“This is the first time that women are really gestating and delivering without being genetically related to the child … and that’s what makes people pause. People are right to be cautious and be concerned. As a society, it’s time to start talking.”

How egg donation works:

  • The first step is going through the screening process. The screening includes blood tests for sexually transmitted diseases, hormone levels and genetic diseases. Cervical cultures will be taken by an OB/GYN. A transvaginal ultrasound will be conducted to ensure that the would-be donor’s ovaries, cervix and uterus are healthy. Psychological and drug tests also are included.
  • Once a would-be donor has passed all the tests and signed the legal contract, the donation process begins. It starts with a self-administered, injectable medication of follicle stimulation hormone, which boosts egg production. This medication is usually taken for seven to 12 days.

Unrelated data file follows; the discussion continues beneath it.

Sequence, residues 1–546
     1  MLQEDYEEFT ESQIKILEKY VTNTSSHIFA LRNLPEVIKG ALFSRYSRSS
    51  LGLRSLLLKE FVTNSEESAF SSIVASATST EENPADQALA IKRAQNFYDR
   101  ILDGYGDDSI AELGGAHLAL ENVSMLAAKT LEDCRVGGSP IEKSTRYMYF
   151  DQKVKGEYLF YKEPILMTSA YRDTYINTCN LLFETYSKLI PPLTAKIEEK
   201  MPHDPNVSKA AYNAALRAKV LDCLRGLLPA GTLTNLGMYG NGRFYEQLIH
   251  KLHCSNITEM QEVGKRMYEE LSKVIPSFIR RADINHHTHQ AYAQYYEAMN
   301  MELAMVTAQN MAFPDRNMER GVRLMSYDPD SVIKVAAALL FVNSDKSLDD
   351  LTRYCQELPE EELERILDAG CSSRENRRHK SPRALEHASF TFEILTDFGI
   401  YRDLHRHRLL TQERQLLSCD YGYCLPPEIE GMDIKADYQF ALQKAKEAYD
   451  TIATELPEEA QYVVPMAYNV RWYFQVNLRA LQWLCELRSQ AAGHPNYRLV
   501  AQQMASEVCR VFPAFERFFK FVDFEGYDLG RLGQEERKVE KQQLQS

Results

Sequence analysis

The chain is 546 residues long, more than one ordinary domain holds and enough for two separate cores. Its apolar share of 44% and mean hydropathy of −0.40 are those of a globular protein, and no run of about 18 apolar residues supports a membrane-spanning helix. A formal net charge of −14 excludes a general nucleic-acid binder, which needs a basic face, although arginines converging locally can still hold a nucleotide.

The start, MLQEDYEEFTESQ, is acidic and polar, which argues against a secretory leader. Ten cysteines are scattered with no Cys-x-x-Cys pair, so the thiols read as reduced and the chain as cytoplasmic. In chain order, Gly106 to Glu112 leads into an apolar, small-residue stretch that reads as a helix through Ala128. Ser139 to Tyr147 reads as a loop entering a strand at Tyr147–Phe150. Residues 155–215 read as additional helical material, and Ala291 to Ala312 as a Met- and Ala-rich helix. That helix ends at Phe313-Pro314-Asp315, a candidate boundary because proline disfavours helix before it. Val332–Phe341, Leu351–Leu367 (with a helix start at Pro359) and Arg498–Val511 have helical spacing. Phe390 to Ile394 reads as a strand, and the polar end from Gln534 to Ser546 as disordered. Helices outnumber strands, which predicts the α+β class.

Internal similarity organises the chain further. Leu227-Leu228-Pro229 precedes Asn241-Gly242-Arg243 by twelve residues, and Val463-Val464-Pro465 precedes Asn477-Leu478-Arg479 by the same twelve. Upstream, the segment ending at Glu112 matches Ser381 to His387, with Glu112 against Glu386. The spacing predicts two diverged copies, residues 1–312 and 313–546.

• When a physician determines it is time for retrieval, the donor will be given instructions on getting an injection of the hormone HCG. This injection prepares the donor’s ovaries to release the follicles.
  • The retrieval is scheduled for about 36 hours after the HCG injection is given.
  • During the retrieval, the donor will usually be under light anesthesia administered through an IV. The eggs are retrieved from the donor’s ovaries via a small needle inserted through the vaginal wall into the ovaries, and the eggs are then vacuumed from each follicle. The entire procedure takes about 15-20 minutes.
  • After the eggs are retrieved, they are combined with the intended father’s sperm and later implanted into the intended mother’s uterus.
  • The donor will usually stay in the doctor’s office for one to two hours to recover and then is sent home. Rest is recommended for the remainder of the day. She may experience some mild cramping or light bleeding.
  • The donor will receive her compensation as soon as the agency is advised that the donor has completed the retrieval. Usually donors can resume regular activity the next day.